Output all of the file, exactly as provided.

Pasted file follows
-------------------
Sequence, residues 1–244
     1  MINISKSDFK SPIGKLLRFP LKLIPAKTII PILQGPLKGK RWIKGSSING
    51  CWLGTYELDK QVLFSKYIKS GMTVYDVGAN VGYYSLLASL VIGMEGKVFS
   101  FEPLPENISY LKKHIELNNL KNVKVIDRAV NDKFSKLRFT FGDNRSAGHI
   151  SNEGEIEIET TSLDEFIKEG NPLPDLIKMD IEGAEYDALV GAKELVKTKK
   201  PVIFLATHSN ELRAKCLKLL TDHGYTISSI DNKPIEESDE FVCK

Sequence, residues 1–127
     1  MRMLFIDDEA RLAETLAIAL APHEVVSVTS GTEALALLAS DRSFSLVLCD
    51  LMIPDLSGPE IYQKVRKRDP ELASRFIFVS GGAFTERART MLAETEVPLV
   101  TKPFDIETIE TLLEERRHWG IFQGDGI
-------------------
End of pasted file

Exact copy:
Sequence, residues 1–244
     1  MINISKSDFK SPIGKLLRFP LKLIPAKTII PILQGPLKGK RWIKGSSING
    51  CWLGTYELDK QVLFSKYIKS GMTVYDVGAN VGYYSLLASL VIGMEGKVFS
   101  FEPLPENISY LKKHIELNNL KNVKVIDRAV NDKFSKLRFT FGDNRSAGHI
   151  SNEGEIEIET TSLDEFIKEG NPLPDLIKMD IEGAEYDALV GAKELVKTKK
   201  PVIFLATHSN ELRAKCLKLL TDHGYTISSI DNKPIEESDE FVCK

Sequence, residues 1–127
     1  MRMLFIDDEA RLAETLAIAL APHEVVSVTS GTEALALLAS DRSFSLVLCD
    51  LMIPDLSGPE IYQKVRKRDP ELASRFIFVS GGAFTERART MLAETEVPLV
   101  TKPFDIETIE TLLEERRHWG IFQGDGI